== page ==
Good News! Diabetes Drug May Slow Alzheimer’s Progression
Alzheimer’s Disease (AD) is the most common type of dementia. Of the estimated 50 million people living with dementia worldwide, 60-70% of them have Alzheimer’s.
Although there isn’t a cure for AD yet, there is newfound hope. A new study reveals a possible connection between a specific diabetes drug that can slow Alzheimer’s progression.
Could this lead to a breakthrough in Alzheimer’s treatment? If so, it’ll improve the lives of millions!
Diabetes and Alzheimer’s are each a complex subject. The possible effects of diabetic medications on AD patients are even more complicated. Let’s look at the key findings and their important implications.
South Korean research, involving 282 people aged around 76, just wrapped up its 6-year study. All participants had early Alzheimer’s and were divided into three groups:
- Group 1 – 70 patients – had stage 2 diabetes and were currently taking dipeptidyl peptidase-4 inhibitors (aka DDP-4i)
- Group 2 – 71 patients – had diabetes but were treated with other common diabetes drugs
- Group 3 – Control Group – 141 patients – did not have diabetes
All participants had brain scans (PET) before the start of the study. They also took the Mini-Mental State Exam (MMSE), a common test for thinking and memory, twice within a one-year period before the study. These requirements were used to qualify participants with a similar Alzheimer’s base level.
- Group 1, those patients taking DDP-4i, showed fewer plaques and a lower rate of cognitive decline than Groups 2 and 3.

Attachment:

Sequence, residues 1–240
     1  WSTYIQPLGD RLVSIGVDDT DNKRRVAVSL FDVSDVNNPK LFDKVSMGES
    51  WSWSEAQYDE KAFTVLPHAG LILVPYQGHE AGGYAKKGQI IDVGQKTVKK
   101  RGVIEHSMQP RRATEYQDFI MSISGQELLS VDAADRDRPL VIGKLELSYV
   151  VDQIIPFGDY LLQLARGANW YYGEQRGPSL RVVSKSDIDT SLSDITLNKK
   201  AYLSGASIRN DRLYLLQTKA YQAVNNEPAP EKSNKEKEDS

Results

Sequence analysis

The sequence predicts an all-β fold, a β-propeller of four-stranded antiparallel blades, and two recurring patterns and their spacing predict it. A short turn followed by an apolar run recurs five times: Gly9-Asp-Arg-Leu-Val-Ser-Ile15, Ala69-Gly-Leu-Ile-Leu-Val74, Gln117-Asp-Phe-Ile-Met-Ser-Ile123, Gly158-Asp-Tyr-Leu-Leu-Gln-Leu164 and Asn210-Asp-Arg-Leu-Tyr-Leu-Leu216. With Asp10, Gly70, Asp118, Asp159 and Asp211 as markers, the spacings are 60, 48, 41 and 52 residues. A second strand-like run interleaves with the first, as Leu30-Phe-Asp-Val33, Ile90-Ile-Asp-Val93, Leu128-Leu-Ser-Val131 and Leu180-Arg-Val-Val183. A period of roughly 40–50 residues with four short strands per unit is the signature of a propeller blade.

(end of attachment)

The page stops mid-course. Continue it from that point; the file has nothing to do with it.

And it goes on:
- Furthermore, Group 1 patients continued to decline at a slower rate during follow-up tests. Read the full research article here.
Since this study was limited, more randomized clinical trials on DDP-4i are needed to determine its effect on slowing Alzheimer’s progression.
Significance of Early Diagnosis
Medical science cannot find ways to treat a disease without knowing it exists. Thanks to scientific innovation – for the first time in history – Amprion offers breakthrough biomarker testing to help physicians distinguish Alzheimer’s from other dementias in early stages.
Why is early so important? Because drugs work more effectively in the early stages. By detecting the disease early, physicians, patients, and their care team are empowered to take preventive steps to slow or stop Alzheimer’s. Some of these beneficial action steps include a brain-healthy diet, exercise, and lifestyle changes.
Early detection leads to research innovation to find a cure for Alzheimer’s.